No fools in April
One of the earliest images (from around 225 CE) we have of Christ being worshipped is of a man in front of a
crucified figure. The caption reads ‘Alexamenos worships his god’ . This is thought to be an anti Christian piece
of work – or certainly an anti-Alexamenos one! But the representation of Christ is the real curiosity for it shows Jesus
as having a donkey’s head. Donkeys were thought of as foolish creatures, something we see in Shakespeare’s A
Midsummer Night’s Dream where a village workman is made to have an ass’s head and falls in love with a fairy
In the first chapter of the first letter to the Corinthians, Paul talks about foolishness
and how, on the one hand we are called to be fools for Christ, proclaiming a gospel that makes us look stupid and naïve,
to have faith in a man that was crucified was considered exceedingly stupid and it was, as Paul says, a stumbling block to
faith in Jesus for many people then and now.
On the other hand, Paul talks about the foolishness
of God being wiser than the wisdom of man. I Corinthians 1, 23 -25;
…we proclaim Christ
crucified, a stumbling-block to Jews and foolishness to Gentiles, 24but to those who are the called, both Jews and Greeks, Christ the power of God and the
wisdom of God. 25For God’s foolishness
is wiser than human wisdom, and God’s weakness is stronger than human strength.
But those of you who read carefully will have noticed a sleight of hand here in my writing. I have made it look
as if foolishness and stupidity are one and the same – which they are not. ‘Stupid’ is not using the brains
you were born with to think something through. We may think of it as dull-witted but stupidity is not so much about mental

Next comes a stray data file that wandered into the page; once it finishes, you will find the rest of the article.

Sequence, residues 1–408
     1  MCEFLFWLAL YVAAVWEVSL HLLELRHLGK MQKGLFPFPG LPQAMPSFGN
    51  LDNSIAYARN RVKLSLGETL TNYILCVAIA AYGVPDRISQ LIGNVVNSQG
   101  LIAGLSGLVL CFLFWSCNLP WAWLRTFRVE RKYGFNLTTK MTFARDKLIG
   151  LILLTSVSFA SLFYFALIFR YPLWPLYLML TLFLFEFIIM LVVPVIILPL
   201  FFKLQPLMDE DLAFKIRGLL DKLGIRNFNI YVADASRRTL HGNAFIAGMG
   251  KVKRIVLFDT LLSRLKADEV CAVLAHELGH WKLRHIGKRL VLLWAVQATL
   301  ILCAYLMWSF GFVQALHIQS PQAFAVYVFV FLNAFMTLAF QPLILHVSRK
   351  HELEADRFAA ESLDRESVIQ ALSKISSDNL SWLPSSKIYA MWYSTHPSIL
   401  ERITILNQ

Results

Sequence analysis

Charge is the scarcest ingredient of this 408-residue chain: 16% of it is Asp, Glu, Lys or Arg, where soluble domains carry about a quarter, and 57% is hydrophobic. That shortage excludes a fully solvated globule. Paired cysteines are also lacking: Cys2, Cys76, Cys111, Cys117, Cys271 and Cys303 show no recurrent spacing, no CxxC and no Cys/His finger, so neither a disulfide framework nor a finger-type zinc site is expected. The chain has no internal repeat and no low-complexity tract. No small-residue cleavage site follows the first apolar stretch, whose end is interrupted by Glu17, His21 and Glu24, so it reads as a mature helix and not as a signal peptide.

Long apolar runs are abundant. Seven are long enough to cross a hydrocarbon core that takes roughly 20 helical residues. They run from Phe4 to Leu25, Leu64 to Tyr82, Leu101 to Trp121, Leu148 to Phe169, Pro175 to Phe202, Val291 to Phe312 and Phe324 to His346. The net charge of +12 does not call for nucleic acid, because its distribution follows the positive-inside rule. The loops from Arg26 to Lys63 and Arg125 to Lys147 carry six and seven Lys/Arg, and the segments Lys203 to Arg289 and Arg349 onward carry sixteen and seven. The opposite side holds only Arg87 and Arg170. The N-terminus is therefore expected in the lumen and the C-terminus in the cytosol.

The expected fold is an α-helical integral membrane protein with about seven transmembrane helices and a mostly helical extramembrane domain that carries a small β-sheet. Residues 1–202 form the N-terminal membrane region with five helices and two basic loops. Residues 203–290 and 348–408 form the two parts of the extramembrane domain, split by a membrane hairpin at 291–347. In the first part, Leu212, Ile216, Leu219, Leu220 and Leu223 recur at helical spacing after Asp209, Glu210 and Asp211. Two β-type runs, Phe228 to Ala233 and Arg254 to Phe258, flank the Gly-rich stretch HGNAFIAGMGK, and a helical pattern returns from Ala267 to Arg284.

ability as mental willingness. A fool though, is someone like a jester, far from dull-witted but agile of thought and
sharp as a pin and, in kingly courts of old, expected to speak truth to power where others would simply fawn and flatter.
How many of our current day ‘kings’ could do with someone to speak truth in their ears! Again, to quote the Bard,
‘jesters do oft prove prophets’ as Shakespeare says in King Lear, a play which examines foolishness
in all its guises from stupid folk to professional wit via old age folly, and malice which gets its come-uppance. Jesters
use humour to teach deep truths, sugaring the pill. It’s why Jesus used parables and why so much of His words are full
of humour – if only we could take off the ‘must-be-serious specs’ and perceive them.
How does this affect the Christian? How are we to be fools for Christ and speak truth to our hearts and
those around us?
Not by being daft about life and doing reckless things that threaten our health and that of those around us.
Not by behaving as if forgiveness is a gift to be taken for granted as we habitually do those things which, by omission or
commission hurt others deeply (‘we have not done those things which we ought to have done and have done those
things which we ought not to have done’ as the old prayer book puts it). Not by pretending that all will be well and
just let things go by without taking action against climate change, poverty, waste or other things which engage us and challenge
our sense of justice. Not by failing to think about our faith and doing what Jesus tells us when He says ‘You shall worship the Lord your God, with all your heart, with all your mind …’) Too
many Christians want a ‘simple faith’ which is fine if you are ‘simple’ but many of us are far from
this. ‘Engage brain before putting mouth in gear’ as the fridge magnet philosopher has it. I
think that those of us capable of tertiary level education owe it to God to do this with our faith and explore the
wonderful intellectual integrity it has.